And the third problem -- which is related, by the way -- is the scale problem. In other words, if a -- you know, there's a reason why Comcast or AT&T have a bunch of advantages, in terms of how they buy equipment, in terms of how they buy programming, in terms of how they buy the, you know, relationships to certain devices like set-top boxes. You need to have a certain scale to make those things work efficiently. It's difficult -- there are small, rural companies who do it without scale, but they often do it with government assistance -- the Universal Service program. Or because they effectively have a monopoly. But -- in that local market. But when you're talking about larger cities, even with a large city, it's very difficult to have an Internet service provider who is only operating in one place.
So, those are three things that, you know, I can see scenarios in which -- like in Wilson, or Chattanooga, where, you know, for various reasons, those three things were overcome. But, I think, generally, I would be skeptical, if I were on a city council, of a proposal to have the city operate it, starting with those three things, although those are not the only three things.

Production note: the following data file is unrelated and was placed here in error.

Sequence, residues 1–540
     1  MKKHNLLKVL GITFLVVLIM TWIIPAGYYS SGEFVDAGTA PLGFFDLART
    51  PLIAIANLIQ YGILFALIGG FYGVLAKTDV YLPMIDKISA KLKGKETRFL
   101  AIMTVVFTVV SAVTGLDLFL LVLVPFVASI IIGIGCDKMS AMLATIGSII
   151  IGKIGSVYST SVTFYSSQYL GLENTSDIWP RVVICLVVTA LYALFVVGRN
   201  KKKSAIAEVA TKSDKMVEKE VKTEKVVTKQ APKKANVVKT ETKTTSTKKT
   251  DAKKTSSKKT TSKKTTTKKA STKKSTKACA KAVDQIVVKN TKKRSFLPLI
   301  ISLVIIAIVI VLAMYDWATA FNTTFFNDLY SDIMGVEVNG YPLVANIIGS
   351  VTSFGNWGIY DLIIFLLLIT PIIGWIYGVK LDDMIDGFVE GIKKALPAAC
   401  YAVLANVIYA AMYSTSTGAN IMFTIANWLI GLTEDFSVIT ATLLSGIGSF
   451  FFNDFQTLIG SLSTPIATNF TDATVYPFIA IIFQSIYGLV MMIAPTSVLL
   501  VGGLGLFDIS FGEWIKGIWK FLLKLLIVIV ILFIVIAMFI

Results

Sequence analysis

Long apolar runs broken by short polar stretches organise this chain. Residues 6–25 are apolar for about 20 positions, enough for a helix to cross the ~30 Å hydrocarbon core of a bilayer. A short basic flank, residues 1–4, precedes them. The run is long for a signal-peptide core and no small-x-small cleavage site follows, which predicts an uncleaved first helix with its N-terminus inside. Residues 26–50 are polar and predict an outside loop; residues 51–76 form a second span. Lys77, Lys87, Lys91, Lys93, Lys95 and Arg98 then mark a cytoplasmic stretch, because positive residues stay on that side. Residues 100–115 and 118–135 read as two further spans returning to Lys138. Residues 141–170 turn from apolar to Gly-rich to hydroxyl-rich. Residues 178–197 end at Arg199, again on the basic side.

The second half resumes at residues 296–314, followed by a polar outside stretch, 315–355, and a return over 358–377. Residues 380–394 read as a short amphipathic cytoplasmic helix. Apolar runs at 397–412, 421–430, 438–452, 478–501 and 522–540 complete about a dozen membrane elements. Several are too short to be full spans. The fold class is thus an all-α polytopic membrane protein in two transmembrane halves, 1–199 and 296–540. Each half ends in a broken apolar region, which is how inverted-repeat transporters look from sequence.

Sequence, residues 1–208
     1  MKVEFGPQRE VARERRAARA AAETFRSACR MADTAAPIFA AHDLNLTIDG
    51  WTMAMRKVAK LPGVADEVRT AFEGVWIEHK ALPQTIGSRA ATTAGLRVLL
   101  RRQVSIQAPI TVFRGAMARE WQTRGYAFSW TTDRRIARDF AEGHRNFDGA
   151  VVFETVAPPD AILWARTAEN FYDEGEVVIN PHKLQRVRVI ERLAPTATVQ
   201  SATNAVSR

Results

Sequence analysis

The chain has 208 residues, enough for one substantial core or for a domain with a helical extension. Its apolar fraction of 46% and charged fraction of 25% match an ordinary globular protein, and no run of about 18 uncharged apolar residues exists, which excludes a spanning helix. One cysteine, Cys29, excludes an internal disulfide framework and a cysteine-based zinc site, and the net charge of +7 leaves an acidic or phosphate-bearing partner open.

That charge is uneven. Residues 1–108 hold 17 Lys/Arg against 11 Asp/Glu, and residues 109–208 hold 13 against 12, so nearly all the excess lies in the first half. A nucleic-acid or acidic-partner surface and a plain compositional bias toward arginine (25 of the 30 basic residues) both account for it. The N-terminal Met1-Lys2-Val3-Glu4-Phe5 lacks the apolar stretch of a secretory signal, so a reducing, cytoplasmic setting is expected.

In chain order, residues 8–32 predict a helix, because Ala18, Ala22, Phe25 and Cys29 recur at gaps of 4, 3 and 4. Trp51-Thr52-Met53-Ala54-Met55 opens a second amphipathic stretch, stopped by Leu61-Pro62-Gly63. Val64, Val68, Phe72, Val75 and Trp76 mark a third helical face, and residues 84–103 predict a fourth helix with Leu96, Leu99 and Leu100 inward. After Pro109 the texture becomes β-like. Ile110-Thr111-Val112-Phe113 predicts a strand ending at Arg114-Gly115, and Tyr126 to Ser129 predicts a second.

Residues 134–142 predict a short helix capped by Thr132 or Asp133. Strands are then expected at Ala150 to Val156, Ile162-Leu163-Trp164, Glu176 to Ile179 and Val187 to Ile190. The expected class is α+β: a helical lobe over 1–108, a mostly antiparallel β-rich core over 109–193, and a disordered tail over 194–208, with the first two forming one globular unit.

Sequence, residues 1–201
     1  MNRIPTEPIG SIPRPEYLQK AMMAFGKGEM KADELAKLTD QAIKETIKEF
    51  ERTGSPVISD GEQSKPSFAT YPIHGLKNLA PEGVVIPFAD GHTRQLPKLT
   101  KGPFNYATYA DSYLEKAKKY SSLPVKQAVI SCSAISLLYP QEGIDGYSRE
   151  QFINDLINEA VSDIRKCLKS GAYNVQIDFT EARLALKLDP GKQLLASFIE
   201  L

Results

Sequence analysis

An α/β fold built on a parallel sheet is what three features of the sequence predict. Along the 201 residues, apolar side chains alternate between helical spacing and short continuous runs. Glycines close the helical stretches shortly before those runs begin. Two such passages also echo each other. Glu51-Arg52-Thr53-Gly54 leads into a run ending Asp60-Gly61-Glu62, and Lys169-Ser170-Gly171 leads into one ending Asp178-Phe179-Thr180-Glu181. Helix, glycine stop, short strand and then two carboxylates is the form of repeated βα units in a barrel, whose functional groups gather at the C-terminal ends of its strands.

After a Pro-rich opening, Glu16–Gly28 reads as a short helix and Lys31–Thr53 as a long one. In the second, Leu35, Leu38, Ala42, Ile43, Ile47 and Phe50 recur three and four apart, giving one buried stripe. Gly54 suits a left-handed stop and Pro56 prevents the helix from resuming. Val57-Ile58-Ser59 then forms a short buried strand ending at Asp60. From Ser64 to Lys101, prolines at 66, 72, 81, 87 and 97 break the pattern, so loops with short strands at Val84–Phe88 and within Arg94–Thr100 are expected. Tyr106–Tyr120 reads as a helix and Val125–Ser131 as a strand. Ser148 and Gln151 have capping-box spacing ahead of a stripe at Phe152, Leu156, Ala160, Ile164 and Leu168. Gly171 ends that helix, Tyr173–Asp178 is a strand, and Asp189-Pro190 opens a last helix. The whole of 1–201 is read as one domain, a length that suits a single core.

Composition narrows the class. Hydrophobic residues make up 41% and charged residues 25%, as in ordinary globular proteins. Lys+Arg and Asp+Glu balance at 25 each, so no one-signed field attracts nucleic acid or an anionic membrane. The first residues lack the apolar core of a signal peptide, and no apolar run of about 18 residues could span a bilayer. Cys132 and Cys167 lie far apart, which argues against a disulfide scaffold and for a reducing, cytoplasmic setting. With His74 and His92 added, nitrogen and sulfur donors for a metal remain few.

Chris: I think that makes a lot of sense. Those are good criticisms. And I'd respond to each one in different ways.
The risk capital, I think, is interesting, because I do think that if we wanted to see more Chattanoogas and Wilsons, the risk capital would be the biggest limiting factor. I just -- I don't see that that's going to be the model that we're going to see a lot of cities moving forward with. And I think one of the things that I think about, as someone who wants to encourage as much public ownership as is feasible, is how to figure out how to make it so that we don't have to involve risk capital. By doing incremental, phased builds. And figuring out how to -- for instance, I've been talking in a number of different places I've given presentations about, is the idea of modestly raising property taxes to build an open-access fiber network. Because it is a risky investment. Although I don't think we can count on risk capital. And, to some extent, you know, trying to unlock the Macquarie-type deals that I think you're probably even more familiar with than I am.